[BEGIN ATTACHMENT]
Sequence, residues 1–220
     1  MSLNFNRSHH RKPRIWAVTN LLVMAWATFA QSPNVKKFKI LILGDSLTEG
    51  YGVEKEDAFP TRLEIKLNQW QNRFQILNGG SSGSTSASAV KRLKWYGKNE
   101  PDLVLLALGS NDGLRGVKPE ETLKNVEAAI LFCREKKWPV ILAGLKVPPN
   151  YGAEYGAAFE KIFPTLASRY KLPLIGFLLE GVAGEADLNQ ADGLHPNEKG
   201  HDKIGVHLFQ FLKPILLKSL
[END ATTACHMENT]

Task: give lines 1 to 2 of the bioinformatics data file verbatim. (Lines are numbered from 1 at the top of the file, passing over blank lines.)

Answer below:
Sequence, residues 1–220
     1  MSLNFNRSHH RKPRIWAVTN LLVMAWATFA QSPNVKKFKI LILGDSLTEG